The big weather change is here

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Our big weather change arrived on schedule last week as rain and snow moved across our region. Our first measurable snowfall for the season happened last Friday, Nov. 3. As of early Sunday afternoon, Cliff has measured over 7 inches of snow. Port Angeles, Wash., on the western side of the state, had some light snow with a snow and rain mix in Seattle last Friday.

Later this week, we’ll have more rain and snow with another good chance of rain and snow around the early portion of next week in the lower elevations with additional snow in the mountains. The middle of this month, around the 18th or 19th, looks promising for more snow in the lower elevations.

I heard that area residents were switching out their regular tires for snow tires in record numbers for so early in the season. Winter seems to have begun a little early. And, it’s only the beginning.

Conditions in the Gulf of Alaska, where many of our storms originate, have become fairly active in recent weeks. The weather pattern is set up to allow more storm systems to stream across North Idaho and other parts of the Pacific Northwest. Cliff and I expect to see more snow in the mountains and even in the lower elevations. However, as is always the case, at this time of year, some of that moisture will probably come as rain.

November of 2017 is expected to end up with above average precipitation and snowfall. The normal snowfall for November is 8.7 inches. Last year, in November of 2016, we had only traces of the white stuff. But, things quickly changed last December as 35.4 inches of snow was reported. When the season for snow ended on June 30, 2017, Cliff measured a whopping 115.6 inches, compared to a normal of 69.8 inches. That was the fourth time in less than 10 years that Coeur d’Alene reported over 100 inches of snowfall for a season.

Back in 2010-11, Cliff measured 121 inches for the fourth snowiest in recorded history. In 1915-16, the third snowiest, 124.2 inches fell. In 2008-09, the second all-time, a whopping 145.6 inches of snow fell for the season. Of course, many of us will never forget the snowiest winter season back in 2007-08 with 172.9 inches.

With a strengthening cooler than normal sea-surface temperature pattern, La Nina, in the south-central Pacific Ocean, the chances are very good that we’ll have another year with above normal snowfall. Cliff and I are currently predicting 85 to 90 inches of snow for the 2017-18 season. But, it’s possible we may have another season with over 100 inches. It seems that we’re off to an early start already.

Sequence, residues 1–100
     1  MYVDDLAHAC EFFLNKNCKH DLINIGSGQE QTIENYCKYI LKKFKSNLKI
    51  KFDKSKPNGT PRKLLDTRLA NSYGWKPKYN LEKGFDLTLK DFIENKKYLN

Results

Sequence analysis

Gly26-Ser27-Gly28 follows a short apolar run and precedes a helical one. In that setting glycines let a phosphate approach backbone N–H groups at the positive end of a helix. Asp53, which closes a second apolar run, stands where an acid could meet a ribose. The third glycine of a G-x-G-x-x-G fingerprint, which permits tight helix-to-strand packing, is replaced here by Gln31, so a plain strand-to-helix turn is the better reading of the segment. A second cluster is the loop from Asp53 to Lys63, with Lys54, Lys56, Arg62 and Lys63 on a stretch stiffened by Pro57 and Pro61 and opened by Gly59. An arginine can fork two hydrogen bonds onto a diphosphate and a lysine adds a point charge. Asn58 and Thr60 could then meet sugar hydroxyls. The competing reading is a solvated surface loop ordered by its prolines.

Thanks to the cooler La Nina and low sunspot activity, we could also see more frigid temperatures near the zero mark in December and January. Many of us will remember that the first three weeks of January of 2017 were certainly one of the coldest in history. From the 1st through the 17th, Coeur d’Alene’s high temperature was below the freezing mark.

During that time, the normal high temperature during that time was only 25 degrees, or 11 degrees below normal. The average low at Cliff’s station the was only 12 degrees. We don’t think we’ll have a long streak of frigid weather like we did last January, but there will be plenty of cold weather this late fall and winter season.

The coldest winter in recorded history was from December of 1949 through February of 1950, the time-frame which scientists classify as a “meteorological winter.” The mean temperature during those frigid three months only 12.4 degrees. January of 1950 was brutally cold with an average high of 22.2 degrees and an average low of 0.1 degrees.

The most frigid three-month period from December through February in Coeur d’Alene was in 1936 and early 1937. The average temperature was 19.8 degrees, the only time the mean reading was below 20 degrees in recorded history since 1895.

January of 1937 was absolutely brutal. The average temperature was only 8.6 degrees and there was 42.5 inches of snow. Coeur d’Alene had an incredible 18 days with lows below the zero mark. The lowest reading was minus 22 degrees on Jan. 20, 1937. The average low for that month was minus 2 degrees with an average high of 20 degrees. There was only one day with a high in the 40s. It happened on Jan. 5 with a high of 41 degrees.

Cliff tells me that area residents are asking if this will be the big year with snowfall totals in Coeur d’Alene near 200 inches. At this point in time, we don’t think this is the season. But, anything is possible. If over half of the moisture that fell last winter came as snow rather than rain, then we would have seen that 200-inch total in Coeur d’Alene. Regardless, it could be an interesting winter season.

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Contact Randy Mann at randy@longrangeweather.com

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